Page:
Stock car racing and the Carolina Piedmont are inseparably linked. Bootleggers in the foothills of the Southern Appalachians first began to "soup up" cars to outrun revenuers while hauling moonshine. As races began to organize in the region, many of these bootleggers went on to become early pioneers of the sport. Once NASCAR was founded in 1948, the Carolinas continued to serve as center stage. The Piedmont's working class was the first to embrace stock car racing and it was here where the sport flourished into a popular pastime. Many of NASCAR's most prolific drivers cut their teeth on tracks carved out of the Piedmont's red clay.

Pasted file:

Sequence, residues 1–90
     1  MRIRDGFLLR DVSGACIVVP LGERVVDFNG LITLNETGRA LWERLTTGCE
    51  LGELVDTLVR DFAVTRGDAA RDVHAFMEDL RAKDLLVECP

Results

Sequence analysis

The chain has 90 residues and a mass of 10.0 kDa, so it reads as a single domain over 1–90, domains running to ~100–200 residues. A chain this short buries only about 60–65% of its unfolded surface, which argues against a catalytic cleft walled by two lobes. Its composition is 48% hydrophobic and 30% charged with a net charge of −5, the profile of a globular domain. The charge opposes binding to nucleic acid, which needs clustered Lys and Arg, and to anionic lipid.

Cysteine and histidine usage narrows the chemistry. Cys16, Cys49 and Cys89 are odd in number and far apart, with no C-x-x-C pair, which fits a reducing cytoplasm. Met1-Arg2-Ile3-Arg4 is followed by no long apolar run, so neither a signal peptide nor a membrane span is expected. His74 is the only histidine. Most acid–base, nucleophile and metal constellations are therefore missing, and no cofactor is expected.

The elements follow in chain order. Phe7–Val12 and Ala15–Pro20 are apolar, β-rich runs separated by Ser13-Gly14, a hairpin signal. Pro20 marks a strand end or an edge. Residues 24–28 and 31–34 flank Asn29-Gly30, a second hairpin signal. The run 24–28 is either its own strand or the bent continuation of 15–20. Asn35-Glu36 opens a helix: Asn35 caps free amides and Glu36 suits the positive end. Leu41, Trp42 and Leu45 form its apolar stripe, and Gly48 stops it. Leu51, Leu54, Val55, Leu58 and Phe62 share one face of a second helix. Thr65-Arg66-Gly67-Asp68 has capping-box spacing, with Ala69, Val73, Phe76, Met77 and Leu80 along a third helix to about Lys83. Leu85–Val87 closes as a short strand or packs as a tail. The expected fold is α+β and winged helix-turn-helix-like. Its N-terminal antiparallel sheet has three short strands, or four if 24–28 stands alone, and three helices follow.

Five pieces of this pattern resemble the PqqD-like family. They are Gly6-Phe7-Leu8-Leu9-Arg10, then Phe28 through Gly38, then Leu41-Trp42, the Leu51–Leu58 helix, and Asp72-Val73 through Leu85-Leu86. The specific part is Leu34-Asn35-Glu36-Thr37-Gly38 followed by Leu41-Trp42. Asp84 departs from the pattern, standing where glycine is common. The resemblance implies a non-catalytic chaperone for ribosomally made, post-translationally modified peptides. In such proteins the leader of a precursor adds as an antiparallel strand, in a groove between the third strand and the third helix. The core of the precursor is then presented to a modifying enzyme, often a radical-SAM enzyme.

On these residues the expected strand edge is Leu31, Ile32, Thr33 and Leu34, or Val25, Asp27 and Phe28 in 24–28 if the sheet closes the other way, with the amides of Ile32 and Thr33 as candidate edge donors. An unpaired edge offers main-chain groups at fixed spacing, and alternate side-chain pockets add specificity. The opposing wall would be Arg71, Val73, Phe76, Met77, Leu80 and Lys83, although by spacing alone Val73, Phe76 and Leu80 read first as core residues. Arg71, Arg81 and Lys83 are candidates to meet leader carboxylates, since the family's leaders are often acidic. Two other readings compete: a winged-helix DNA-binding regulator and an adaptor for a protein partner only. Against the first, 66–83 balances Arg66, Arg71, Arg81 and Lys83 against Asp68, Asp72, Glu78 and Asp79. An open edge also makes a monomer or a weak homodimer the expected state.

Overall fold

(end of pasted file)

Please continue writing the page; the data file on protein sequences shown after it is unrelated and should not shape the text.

Today in a modern era of racing, NASCAR has continually distanced itself further away from its dusty roots. Corporate sponsors now sit in the driver seat and superspeedways have replaced the old Carolina dirt tracks that once served as staples for the Southern stock car circuit.